The one-woman show 'Lady in a Veil' celebrates one of the most remarkable women of her age.  It is performed in the character of Lady Mary Wortley Montagu, a female wit, poet and travel writer, who introduced smallpox inoculation from Turkey to Europe, and saved thousands of lives.  

Lady Mary (1689-1762) was the eldest daughter of Lord Dorchester, later Duke of Kingston and Lady Mary Fielding. She spent much of her childhood at the family seat of Thoresby Hall (Notts.), teaching herself Latin.  Her elegant translations, romances and satirical verses, and her role as her father’s hostess (her mother having died when she was four) combined to build her reputation as a wit. 

In 1712, escaping her father’s choice of a wealthy aristocrat, Lady Mary eloped with, and married, Mr Edward Wortley Montagu.  Her clandestine courtship letters (less passionate than her letters to his sister) propose travel together to maintain ‘esteem’.  Newly-wedded, it was her husband who travelled, chasing election as a Whig MP.  He hardly sent her news, let alone money, and in 1714, she published a satire on marriage in 'The Spectator'.  However, her wifely correspondence, a fund of advice about ethical ways to gain and use influence, shows her ardent support of his career and, in 1715, he was appointed to the Treasury.  She joined him in London, attended court, and collaborated with Alexander Pope and John Gay on the satirical 'The Town Eclogues'.  In 1716, when Wortley Montagu was appointed Ambassador to the Court of the Ottomans, she went with him.  

Edward Jenner wasn't to trial smallpox vaccination until 1798.  Reducing smallpox in Europe began with Lady Mary’s observation of a harem party for inoculation, or ‘variolation à la Turca’.  She had survived smallpox in London and developed immunity, so her guinea pig was her only son.  The experiment was successful.  On her return to England, she obtained royal support to inoculate six prisoners, six orphans and, in 1722, George II’s daughters, so inoculation or 'engrafting'became the fashion.  Lady Mary’s contribution to the nation’s health is commemorated by an obelisk at Wentworth Hall, Yorkshire.

When she was forty-eight, Lady Mary fell in love with, and pursued across Europe, Count Francesco Algarotti, who was at least as interested in her friend Lord Hervey.  This is where 'Lady in a Veil' begins …


,Venues in 2019 included Mansfield College (Oxford), The Bromley House Library, (Nottingham)Dr. Johnson’s House (London), Chawton House Alton) Middlethorpe Hall Hotel (York) Vela Cafe, (Saxmundham) The Vagina Museum, Camden

"Lady in a Veil' was zoomed via Highgate Literary & Scientific Institution - HLSI on March 14th 2021 and on 14th May 2021, via the Adventurous Eighteenth-Century Wives Conference held in collaboration with Chawton House. A recent performance on the ground was at the Vela Cafe Saxmundham, Suffolk, July 30th 2022. It was zoomed on 7th March at 7pm as part of the London Lumunaries' Conspiracy and Betrayal Series.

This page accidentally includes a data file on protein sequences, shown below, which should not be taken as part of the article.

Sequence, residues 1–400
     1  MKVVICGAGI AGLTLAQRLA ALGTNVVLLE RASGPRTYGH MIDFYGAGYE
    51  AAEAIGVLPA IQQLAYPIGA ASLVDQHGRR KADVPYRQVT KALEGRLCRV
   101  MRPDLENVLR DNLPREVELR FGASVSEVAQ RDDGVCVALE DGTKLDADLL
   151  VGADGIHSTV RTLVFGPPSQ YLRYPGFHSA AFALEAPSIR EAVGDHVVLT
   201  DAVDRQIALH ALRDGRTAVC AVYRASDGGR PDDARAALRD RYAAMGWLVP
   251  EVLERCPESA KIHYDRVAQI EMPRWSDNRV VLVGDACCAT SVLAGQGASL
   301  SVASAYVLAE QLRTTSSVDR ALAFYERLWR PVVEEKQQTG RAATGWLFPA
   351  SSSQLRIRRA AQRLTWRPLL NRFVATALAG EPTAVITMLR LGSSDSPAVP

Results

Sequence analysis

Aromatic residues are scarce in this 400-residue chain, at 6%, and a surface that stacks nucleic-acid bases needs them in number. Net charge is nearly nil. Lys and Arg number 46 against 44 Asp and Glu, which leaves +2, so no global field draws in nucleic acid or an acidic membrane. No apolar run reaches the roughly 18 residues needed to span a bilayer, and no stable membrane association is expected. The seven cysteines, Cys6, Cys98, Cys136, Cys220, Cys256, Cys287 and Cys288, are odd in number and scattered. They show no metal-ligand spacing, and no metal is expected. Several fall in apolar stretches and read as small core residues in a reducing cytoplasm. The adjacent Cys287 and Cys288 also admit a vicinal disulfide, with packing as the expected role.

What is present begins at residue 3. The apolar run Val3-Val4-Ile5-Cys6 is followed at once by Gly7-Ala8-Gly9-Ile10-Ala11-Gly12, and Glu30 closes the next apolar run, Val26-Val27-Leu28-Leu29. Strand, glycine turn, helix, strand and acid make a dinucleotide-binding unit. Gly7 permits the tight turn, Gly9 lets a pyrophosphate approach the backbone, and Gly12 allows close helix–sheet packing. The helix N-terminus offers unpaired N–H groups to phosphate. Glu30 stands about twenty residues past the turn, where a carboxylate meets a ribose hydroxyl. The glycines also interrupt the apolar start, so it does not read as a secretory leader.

“… such a wonderful performance. I’ve received several comments about how good the ‘show’ was, and interesting and well-researched.” — Celine Lupo McDaid, Curator, Dr Johnson’s House.

“Witty and moving, and very nimbly negotiated the difficulties in teaching an audience without sounding as if doing so.” — Professor Gregory Woods, Emeritus Professor of Gay and Lesbian Studies, Nottingham Trent University

“Fascinating portrayal of a woman of substance brought to life with real skill; both script and performance.” — Catriona, (audience) Bromley House Library.

“… a wonderful presentation of Lady Mary, the General Manager ... and I both enjoyed it very much, and learnt a great deal.  Feedback from our guests has been excellent.” — Nicola Thresh, Events Manager, Middlethorpe Hall.

“Absolutely amazing” — Carolyn, (audience) Vagina Museum.

Terrific. Really informative and entertaining.” — Chris Reason, BBC scriptwriter.

“I was amazed by the depth of cultural and factual content – and the delivery which painted a great picture of her life and times.” — Chris Brighouse, singer-songwriter.

“What an entertaining talk”… “I learnt a lot, especially about her role against smallpox”…”Didn’t she bring her alive!” — Chat from U3A Richmond over Zoom

"The performance really brought her to life for me.  Fantastic." — Celia Jarrett (zoom audience)

"A compelling character telling a story that should be more widely heard" --- Paul Bradley, actor


Dr Georgina Lock combines writing, acting and directing with research into the eighteenth century – particularly its women.  'Lady in a Veil' builds on her chapter 'Performance and Performing in Lady Mary’s letters from Istanbul' in Britain and the Muslim World (ed. Gerald Maclean).